Friends say Greene County man accused of killing his mother may have had mental health issues

GREENE COUNTY, Mo. Many people who knew A 21 year-old man who police say shot and killed his mother last week say he struggled with mental health issues.

Connor Cox pleaded not guilty to first-degree murder charges at his first court appearance Tuesday.

"He just turned 21. We were talking about having fun. It literally came out of nowhere," said close friend and former college roommate, Paul McKnight.

He said he knew Connor Cox was struggling with mental health issues.

"I know when we were in school, he was dealing with depression, and I think that was about it. We talked about it all the time; we used to talk each other through all these things. Every time we went through something, it was like, hey, it's not so bad; we're here for each other, said McKnight.

He said he was with Cox hours before police say Cox shot and killed his mother last week at the family's home in Greene County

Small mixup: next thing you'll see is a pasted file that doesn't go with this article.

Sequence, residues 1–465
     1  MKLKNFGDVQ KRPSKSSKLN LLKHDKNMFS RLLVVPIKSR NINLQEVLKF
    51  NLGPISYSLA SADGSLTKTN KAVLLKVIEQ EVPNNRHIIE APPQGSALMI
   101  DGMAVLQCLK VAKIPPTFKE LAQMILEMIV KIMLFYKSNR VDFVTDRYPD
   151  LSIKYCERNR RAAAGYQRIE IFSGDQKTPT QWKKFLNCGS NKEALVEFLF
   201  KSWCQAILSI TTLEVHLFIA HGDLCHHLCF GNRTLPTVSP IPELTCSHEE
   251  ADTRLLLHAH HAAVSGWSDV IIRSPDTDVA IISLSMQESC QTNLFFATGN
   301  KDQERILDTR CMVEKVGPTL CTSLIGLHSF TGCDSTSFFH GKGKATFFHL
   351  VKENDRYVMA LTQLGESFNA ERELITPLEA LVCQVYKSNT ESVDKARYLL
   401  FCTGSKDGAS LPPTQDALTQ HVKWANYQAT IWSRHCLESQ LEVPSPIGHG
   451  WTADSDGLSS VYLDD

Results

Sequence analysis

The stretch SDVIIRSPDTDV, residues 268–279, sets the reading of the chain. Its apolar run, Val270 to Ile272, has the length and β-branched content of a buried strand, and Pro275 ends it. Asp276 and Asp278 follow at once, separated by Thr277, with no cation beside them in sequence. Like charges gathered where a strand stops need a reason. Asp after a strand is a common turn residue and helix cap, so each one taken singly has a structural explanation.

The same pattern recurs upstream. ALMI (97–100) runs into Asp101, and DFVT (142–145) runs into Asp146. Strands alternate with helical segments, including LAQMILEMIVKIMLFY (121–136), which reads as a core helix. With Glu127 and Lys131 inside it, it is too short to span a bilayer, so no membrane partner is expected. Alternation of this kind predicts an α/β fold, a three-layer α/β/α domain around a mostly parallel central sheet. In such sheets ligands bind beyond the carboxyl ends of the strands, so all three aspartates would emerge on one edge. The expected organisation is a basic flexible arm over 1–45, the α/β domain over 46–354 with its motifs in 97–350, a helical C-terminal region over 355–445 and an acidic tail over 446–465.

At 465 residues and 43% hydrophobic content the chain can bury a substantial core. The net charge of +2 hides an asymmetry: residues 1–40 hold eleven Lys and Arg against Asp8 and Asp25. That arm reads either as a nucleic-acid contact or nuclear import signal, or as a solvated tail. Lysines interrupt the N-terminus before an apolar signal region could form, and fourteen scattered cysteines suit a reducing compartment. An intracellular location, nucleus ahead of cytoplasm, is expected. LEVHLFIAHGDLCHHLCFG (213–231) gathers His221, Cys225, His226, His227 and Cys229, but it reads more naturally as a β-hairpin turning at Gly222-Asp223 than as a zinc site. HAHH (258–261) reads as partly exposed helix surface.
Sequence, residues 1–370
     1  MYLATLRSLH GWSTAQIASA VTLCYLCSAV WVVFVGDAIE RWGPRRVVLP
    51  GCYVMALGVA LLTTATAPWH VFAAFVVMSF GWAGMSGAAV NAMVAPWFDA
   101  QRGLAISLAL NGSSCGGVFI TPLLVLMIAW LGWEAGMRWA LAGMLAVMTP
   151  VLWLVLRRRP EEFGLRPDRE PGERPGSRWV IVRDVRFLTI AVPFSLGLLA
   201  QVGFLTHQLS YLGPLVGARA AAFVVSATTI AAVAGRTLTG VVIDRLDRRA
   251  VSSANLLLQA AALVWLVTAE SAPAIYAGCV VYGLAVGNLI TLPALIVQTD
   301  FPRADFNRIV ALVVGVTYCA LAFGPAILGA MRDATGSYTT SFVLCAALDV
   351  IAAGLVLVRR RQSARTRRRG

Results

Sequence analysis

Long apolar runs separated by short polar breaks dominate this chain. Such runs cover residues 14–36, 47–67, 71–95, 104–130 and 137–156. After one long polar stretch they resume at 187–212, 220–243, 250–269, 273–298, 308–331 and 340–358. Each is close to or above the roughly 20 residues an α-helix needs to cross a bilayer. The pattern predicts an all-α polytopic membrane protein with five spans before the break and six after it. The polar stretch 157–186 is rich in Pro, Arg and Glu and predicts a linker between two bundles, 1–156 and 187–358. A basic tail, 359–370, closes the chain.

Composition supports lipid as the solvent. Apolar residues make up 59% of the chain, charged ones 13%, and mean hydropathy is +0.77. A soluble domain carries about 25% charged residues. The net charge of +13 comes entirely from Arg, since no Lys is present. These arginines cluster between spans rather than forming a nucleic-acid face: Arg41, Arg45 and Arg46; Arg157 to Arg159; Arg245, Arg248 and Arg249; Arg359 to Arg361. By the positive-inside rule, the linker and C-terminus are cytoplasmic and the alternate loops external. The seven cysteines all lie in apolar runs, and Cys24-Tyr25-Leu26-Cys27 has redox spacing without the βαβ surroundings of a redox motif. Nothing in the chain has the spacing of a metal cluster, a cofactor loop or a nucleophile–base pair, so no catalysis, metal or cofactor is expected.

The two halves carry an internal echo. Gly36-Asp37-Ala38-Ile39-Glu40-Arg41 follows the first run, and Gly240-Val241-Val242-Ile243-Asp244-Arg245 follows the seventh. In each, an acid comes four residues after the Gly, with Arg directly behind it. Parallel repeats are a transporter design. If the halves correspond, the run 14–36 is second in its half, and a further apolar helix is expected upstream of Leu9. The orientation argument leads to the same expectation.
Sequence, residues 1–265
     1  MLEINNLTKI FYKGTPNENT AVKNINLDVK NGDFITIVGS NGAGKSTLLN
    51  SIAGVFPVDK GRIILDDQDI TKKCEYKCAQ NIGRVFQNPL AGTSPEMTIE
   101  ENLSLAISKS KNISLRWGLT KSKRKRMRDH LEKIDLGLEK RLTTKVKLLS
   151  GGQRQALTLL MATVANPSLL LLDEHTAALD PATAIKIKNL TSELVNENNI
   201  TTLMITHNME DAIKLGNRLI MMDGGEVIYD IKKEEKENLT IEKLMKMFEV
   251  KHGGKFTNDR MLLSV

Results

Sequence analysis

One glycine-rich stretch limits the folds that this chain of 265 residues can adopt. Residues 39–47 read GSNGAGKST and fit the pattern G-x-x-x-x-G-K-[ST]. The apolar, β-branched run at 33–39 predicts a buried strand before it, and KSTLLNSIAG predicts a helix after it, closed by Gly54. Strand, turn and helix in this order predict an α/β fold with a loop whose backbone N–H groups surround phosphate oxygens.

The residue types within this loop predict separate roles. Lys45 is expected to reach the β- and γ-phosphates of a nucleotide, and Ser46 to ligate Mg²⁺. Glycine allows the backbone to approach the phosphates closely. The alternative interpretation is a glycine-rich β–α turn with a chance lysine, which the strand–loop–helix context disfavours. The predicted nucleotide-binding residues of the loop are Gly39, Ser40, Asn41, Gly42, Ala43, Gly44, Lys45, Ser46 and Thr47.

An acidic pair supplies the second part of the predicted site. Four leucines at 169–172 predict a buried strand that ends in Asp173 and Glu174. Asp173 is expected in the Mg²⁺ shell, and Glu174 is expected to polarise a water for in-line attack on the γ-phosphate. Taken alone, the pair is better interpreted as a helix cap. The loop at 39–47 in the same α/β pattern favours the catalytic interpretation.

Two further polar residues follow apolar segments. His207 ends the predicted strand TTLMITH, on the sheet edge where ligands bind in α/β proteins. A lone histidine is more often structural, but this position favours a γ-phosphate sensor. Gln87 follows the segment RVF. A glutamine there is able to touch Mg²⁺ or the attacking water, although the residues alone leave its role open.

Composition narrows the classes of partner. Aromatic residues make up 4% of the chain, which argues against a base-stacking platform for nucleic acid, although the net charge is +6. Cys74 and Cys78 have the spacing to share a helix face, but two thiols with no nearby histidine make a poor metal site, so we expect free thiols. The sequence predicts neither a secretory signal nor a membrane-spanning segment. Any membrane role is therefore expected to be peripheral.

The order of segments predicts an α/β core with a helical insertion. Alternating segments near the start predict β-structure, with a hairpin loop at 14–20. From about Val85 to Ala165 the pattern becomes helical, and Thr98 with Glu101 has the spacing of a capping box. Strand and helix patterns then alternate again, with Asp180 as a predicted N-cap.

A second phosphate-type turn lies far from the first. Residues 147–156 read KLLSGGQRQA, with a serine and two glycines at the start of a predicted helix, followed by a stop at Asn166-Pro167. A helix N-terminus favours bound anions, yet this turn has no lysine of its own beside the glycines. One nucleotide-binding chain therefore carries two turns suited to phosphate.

"He seemed like he had an attitude but you never really think an attitude would, that's the motive, you know, behind it. But for the most part, definitely Connor," he said.

"Sometimes those symptoms are sort of gradual so it doesn't just jump out at you," psychologist Susan Henderson with Burrell Behavioral Health.

She said noticing changes in someone's behavior can be a sign that they need help, but they have to want it.

"Can I really force someone to get help if they don't want to? No. There are ways to start commitment procedures but there has to be some very clear indications of that," explained Henderson.

If someone you care about may be in trouble, there are ways to help them.

"If I had a friend that I was really concerned about and I wasn't sure what to do, they too could call our crisis line and someone could talk with them about some options," said Henderson.

Cox is being held in the Greene County Jail without bond.
He will be back in court next month.

"I still don't believe it; I feel like I'm dreaming, and I'm going to wake up any second," said McKnight.

Henderson said, "Addressing our mental health just the way we would our physical health I hope one day is the norm."

If you or someone you know needs help and doesn't want to talk to someone in person or over the phone, there are smartphone apps that can help.